Erasmus supports schools, youth groups, volunteers apprentices and sports clubs – not just students
The UK Government’s decision not to participate in the Erasmus programme will negatively impact all young people across our communities, not just university students, according to Cllr Will Dawson, chair of the East of Scotland European Consortium. Usually referred to as the EU’s ‘student exchange programme’ Erasmus is much broader more than this. It allows for teachers to improve their language skills in other countries; for youth groups to undertake visits with counterparts across Europe; and even for football clubs to send young players to training camps in the likes of Spain, Portugal and Turkey.
Since 2014, organisations across seven ESEC council areas (Aberdeen, Angus, Dundee, Falkirk, Fife, Perth & Kinross, and Stirling) have been awarded bumper amounts in funding from the Erasmus+ programme, totalling more than €18 million. More than 500 schools across Scotland have received funding, and in the East of Scotland alone, more than €1 million in projects has been awarded.
Examples of Erasmus projects include:
The PanTayside Language Training Programme, a collaboration between Angus, Dundee City, and Perth & Kinross Councils, which was awarded €191,600 in 2019 and will support 80 teachers in attending language immersion courses in France or Spain.
The Dees without Frontiers project, led by Dundee FC Community Trust. This allowed the Trust to send 17 local teenagers to Cordoba, completing football training tasks, visiting local landmarks, and learning Spanish.
Erasmus funding has also helped Aberdeen, Cowdenbeath, Dundee United and St Johnstone Football Clubs to provide winter camp experiences for their young players, with an emphasis of exposing them to the footballing skills and cultures of different countries. The Scottish Government has stated it is exploring “alternative options” for organisations in Scotland to participate in the scheme, with Richard Lochhead MSP, Minister for Further Education, Higher Education & Science, noting the wide reach that Erasmus has: “It’s use in Scotland is wide ranging e.g. colleges, schools, youth work, adult learners, training, community groups etc. And Scotland’s participation is highest in UK.”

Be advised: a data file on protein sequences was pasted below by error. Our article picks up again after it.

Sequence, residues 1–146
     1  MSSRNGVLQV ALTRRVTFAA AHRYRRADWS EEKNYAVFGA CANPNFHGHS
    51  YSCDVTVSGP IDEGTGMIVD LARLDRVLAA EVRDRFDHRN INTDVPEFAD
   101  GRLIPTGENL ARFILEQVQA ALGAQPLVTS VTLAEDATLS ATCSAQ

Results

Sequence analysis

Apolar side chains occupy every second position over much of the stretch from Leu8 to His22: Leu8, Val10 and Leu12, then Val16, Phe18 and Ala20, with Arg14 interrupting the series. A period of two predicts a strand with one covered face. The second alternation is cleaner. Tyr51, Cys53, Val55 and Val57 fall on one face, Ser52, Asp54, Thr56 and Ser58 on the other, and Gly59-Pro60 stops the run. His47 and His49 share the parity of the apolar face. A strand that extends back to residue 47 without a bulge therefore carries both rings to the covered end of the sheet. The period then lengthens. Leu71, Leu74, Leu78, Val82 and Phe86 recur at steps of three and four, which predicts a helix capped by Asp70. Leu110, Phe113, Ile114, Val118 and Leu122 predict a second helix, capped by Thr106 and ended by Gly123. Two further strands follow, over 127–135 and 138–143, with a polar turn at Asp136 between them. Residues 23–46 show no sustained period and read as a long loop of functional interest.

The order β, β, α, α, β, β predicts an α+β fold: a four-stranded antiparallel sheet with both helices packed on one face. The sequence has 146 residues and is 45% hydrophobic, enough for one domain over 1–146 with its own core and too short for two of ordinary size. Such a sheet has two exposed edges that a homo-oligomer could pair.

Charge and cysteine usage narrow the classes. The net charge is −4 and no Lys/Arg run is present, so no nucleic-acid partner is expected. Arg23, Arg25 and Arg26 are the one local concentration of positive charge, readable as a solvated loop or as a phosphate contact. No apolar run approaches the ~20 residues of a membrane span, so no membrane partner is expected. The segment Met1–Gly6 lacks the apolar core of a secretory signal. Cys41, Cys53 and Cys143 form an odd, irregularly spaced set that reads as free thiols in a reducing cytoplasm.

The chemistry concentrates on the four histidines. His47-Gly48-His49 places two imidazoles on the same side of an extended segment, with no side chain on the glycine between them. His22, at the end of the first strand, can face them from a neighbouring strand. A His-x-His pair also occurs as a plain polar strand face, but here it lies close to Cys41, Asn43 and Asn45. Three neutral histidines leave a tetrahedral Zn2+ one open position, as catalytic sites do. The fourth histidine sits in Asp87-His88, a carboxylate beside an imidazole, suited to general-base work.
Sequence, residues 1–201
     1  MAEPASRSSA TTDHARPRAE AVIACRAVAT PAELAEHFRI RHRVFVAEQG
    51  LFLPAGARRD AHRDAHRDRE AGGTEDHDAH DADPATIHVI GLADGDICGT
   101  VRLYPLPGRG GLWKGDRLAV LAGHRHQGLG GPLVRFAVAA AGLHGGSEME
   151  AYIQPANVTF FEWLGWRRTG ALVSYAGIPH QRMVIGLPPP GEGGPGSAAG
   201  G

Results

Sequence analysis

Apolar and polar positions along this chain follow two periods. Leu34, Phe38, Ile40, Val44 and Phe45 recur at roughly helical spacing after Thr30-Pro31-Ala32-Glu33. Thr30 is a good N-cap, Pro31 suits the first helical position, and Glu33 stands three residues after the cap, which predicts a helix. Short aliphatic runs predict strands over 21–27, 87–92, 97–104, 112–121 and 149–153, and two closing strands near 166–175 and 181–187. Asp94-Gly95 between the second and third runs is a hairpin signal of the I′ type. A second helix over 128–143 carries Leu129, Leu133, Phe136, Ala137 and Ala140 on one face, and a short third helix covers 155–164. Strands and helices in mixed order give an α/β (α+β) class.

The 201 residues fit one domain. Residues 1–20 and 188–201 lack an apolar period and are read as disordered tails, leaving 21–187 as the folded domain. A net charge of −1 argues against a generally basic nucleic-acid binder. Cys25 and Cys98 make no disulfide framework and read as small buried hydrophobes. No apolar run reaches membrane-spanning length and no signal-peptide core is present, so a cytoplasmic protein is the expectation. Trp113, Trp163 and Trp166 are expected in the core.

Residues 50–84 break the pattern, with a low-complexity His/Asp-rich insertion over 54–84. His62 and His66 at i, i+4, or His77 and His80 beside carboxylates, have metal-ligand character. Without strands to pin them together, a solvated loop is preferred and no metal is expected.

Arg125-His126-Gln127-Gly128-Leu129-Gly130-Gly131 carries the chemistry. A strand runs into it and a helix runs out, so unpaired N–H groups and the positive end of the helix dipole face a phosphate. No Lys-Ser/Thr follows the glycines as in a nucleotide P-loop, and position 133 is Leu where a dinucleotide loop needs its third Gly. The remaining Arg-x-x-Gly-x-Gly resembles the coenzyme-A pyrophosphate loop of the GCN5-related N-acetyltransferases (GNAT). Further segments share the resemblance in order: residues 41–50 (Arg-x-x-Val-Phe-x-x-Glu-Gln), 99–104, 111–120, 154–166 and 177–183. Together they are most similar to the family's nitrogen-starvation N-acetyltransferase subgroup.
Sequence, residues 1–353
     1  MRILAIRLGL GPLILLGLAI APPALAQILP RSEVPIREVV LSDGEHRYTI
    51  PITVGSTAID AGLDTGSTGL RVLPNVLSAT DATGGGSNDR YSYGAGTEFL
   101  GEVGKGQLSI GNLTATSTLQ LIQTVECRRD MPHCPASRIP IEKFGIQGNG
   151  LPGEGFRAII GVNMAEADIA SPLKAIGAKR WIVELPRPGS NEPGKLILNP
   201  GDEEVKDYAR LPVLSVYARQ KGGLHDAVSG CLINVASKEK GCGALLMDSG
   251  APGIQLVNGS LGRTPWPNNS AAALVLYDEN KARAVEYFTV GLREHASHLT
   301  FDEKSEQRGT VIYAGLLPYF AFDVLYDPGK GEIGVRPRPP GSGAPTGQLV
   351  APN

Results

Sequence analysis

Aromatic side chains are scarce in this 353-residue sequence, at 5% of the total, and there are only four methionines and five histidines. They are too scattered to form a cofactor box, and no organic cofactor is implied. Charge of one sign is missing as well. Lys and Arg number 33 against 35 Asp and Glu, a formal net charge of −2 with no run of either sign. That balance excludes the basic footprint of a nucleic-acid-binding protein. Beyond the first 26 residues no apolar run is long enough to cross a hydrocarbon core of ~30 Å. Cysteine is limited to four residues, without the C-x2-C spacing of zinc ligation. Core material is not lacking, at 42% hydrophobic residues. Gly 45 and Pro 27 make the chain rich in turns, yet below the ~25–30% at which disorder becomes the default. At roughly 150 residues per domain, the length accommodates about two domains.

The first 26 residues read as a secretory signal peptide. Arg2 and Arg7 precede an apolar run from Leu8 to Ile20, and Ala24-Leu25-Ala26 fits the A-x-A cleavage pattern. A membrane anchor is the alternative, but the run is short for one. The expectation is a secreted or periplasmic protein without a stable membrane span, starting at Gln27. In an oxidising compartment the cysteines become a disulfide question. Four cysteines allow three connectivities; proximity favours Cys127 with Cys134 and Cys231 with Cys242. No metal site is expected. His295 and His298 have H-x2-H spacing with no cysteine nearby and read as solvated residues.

Councillor Dawson said “The debate around Erasmus portrays the programme as an out-of-touch, elite scheme which only serves students and universities. This couldn’t be further from the truth, and in fact projects which support disadvantaged young people, from nursery age onwards, are often prioritised. We are disappointed in the decision of the UK Government to not participate in Erasmus. While we welcome the creation of the Turing Scheme to allow for international student exchanges, this look like it will cover just a fraction of the types of projects supported by Erasmus, meaning a lot of our young people will miss out. We support the Scottish Government as it explores how Scottish organisations can continue to be valued partners in the scheme.”
If you require further information, please contact: Joanne Scobie, ESEC EU Officer, at firstname.lastname@example.org